Los Angeles-based artist and former South Park animator Eric Yahnker is known for his highly skilled, large-scale drawings that use humor as a platform for his social and political views. In his current exhibition—called "Ebony & Benghazi"—currently on display at Ambach and Rice, Yahnker continues his satirical commentary on Western culture. CH took advantage of the rare opportunity to bring out some coveted original Polaroid film and shoot the artist in his downtown LA studio, and learn more about his work philosophy, as well as his affection for corpses.
Remind again me what you call the tattoo you designed for your left arm?
Are you referring to my Heebraham Lincoln tattoo, or Juanita Horsetits? I've also recently added work to my "clip-arm"—which I want to cover with occupational, dining and other various lame clip-art.
You've called yourself a comedian, and your work delivers some pretty hilarious punchlines. Where does this humor come from?
I believe it comes from a small organ buried deep beneath my kegel muscles.
I think what makes the humor in your work so effective is that it so smartly mashes up art history and pop culture with your absurd imagination. What do you hope the impact of this show will be?
I believe it will bring Netanyahu and Abbas to finally agree on a two-state solution. In all seriousness; I know I can't save the world with my art, but I can at least save myself. It keeps me out of the gangs and off the drugs. I'm perfectly content to strive for "crazy uncle of the art world" status—I shake my fist, fart at the dinner table, make Mom cry, snap wet towels at the kiddos and criticize the crappy light fixtures, but in the end, everyone still loves having you around.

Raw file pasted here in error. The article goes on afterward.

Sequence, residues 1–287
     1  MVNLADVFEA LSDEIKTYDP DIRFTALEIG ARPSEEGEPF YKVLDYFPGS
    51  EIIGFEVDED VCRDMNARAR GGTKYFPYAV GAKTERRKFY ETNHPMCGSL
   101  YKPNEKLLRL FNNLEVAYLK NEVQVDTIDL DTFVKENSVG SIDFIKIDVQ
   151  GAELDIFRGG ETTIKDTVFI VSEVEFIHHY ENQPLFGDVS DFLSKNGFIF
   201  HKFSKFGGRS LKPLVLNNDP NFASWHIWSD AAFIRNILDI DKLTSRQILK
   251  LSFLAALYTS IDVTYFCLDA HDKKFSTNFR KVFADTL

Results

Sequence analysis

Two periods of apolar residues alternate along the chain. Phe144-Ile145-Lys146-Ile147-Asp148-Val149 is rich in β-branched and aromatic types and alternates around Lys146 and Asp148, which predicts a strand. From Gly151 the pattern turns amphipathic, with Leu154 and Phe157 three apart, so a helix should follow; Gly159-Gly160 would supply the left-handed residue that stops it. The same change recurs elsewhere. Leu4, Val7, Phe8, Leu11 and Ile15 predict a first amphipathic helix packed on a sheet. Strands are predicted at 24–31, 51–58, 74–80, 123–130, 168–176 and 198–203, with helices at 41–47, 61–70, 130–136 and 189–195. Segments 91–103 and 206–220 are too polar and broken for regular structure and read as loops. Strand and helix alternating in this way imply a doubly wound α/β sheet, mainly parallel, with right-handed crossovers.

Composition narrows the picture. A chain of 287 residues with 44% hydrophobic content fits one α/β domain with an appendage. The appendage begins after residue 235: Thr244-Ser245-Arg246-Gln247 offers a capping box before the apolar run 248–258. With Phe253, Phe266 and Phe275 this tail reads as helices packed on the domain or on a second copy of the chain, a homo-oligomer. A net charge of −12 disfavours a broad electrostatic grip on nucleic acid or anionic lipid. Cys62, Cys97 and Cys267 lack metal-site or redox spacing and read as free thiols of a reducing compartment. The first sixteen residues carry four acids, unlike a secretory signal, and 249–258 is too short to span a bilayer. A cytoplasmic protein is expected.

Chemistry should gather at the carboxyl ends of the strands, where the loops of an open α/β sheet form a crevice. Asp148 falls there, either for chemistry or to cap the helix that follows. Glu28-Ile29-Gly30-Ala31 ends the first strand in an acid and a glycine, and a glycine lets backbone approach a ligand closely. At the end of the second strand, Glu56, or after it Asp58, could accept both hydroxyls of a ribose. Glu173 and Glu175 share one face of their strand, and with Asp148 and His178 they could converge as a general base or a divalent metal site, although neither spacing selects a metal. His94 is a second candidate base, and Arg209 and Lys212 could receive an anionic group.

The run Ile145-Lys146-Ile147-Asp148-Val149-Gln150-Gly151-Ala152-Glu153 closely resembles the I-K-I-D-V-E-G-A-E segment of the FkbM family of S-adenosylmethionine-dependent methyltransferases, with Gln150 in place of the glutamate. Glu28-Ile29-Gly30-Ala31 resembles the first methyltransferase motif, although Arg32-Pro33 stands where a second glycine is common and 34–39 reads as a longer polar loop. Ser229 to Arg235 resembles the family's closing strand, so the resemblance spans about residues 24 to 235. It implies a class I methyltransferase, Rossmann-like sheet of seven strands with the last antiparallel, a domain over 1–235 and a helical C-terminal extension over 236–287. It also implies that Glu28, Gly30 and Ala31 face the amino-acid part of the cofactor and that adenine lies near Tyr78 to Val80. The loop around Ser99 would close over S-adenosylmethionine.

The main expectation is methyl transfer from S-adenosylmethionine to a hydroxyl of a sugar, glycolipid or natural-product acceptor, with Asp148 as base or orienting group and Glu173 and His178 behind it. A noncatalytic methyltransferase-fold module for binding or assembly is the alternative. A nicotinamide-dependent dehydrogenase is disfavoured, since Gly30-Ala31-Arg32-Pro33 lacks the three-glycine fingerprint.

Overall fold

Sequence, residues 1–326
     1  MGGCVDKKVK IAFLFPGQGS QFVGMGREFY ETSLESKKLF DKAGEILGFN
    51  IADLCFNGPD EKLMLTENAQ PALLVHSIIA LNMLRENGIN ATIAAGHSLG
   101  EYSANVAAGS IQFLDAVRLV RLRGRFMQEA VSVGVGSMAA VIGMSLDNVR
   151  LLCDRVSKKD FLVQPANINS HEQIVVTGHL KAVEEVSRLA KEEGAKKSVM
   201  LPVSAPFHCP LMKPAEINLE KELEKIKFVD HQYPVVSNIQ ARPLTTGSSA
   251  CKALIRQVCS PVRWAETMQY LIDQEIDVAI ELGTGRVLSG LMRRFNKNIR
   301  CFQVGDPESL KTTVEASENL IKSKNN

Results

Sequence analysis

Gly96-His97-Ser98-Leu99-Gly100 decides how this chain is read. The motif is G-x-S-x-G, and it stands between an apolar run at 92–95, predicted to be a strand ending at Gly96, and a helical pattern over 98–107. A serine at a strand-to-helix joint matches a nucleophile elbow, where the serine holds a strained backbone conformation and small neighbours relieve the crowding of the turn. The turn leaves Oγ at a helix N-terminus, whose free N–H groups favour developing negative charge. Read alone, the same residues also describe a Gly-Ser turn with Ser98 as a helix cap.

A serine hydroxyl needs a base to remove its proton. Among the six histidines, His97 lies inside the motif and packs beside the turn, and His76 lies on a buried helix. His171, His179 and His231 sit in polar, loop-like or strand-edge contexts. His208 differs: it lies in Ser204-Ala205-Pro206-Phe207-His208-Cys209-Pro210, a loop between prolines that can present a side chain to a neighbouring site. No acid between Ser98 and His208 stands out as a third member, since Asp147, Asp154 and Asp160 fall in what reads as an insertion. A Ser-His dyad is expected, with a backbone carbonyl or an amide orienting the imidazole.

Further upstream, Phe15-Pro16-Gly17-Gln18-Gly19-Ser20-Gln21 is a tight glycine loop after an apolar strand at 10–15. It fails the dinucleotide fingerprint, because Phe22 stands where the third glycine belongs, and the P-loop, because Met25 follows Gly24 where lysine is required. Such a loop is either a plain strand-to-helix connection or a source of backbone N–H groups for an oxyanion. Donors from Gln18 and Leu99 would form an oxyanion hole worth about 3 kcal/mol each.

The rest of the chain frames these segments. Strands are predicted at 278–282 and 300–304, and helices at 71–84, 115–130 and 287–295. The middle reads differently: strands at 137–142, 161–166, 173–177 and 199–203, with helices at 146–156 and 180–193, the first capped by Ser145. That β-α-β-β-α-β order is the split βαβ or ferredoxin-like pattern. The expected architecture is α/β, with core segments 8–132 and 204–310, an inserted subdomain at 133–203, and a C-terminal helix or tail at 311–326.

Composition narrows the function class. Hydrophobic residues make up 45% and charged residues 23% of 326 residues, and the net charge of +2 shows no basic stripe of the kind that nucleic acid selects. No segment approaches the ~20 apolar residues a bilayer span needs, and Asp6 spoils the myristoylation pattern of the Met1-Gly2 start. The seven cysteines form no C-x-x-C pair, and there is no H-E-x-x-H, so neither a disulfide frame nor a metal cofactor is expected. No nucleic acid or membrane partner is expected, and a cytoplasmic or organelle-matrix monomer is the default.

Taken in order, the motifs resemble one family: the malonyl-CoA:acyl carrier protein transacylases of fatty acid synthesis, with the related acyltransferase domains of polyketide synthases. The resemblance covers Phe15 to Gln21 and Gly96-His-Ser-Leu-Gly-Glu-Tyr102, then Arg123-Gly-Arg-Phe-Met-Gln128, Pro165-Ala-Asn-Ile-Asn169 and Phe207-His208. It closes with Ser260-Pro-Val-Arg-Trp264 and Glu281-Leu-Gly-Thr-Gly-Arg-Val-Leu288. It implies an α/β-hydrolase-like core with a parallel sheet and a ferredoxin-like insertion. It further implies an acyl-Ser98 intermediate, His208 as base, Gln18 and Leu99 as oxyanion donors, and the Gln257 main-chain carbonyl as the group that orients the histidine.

I seem to remember you calling yourself a "maximalist." Can you explain that?
My natural aesthetic hardware seems to be programmed to overflow a space with visual stimuli. I call it a "kitchen sink" strategy, because I want to throw that sucker in there too. But, I've begun to realize the prevailing impact of that strategy is often confusion or obstruction. Not allowing my images and objects room to breathe can make them less powerful, poignant, and funny, so I have to fight my urges a bit. I've been gradually re-programming Manchurian Candidate-style. We'll see if I fall off the wagon.
Your work is not only instantly recognizable for its content, but also for the large scale. Why so big?
Mainly, it's just what gets me excited to work. But, big is also just damn impressive. People might say the loudest guy in the room makes the biggest impact, but that's until the biggest guy in the room is ready to speak—especially if Mr Big says he'll kick the lower intestine out of anyone who dares interrupt him. I love it when people see my work in person for the first time and then retroactively apply that scale to works of mine they've only previously seen on the internet. Lately, I have been making some smaller works, but that's more to do with the size of the space it's showing in. All that does is make me crave diving into something huge and intricate.
You recently started making work with color pencils and pastels rather than charcoal. Is the work different in color?
The concepts haven't changed—only the mess! Colored pencils are so fucking clean to work with. For one thing, I'm not snorting a bunch of graphite and charcoal dust all day. It's also just this brand new toy that challenges me, and I still have so much to learn. It takes double or even triple the amount of time to make a work in color, but I could probably use being a bit less prolific.
Who is a better kisser, your skeleton Mr. Peepers or your girlfriend Allison Schulnik?
Peepers isn't as emotionally invested as I am, but he sure knows how to use his mandible! Schulnik ain't too shabby either. I'm a pretty lucky dude.
Yahnker's show "Ebony & Benghazi" is on display at LA's Ambach and Rice until 12 October.
Polaroids by Jonah Samson, exhibition images courtesy of Ambach and Rice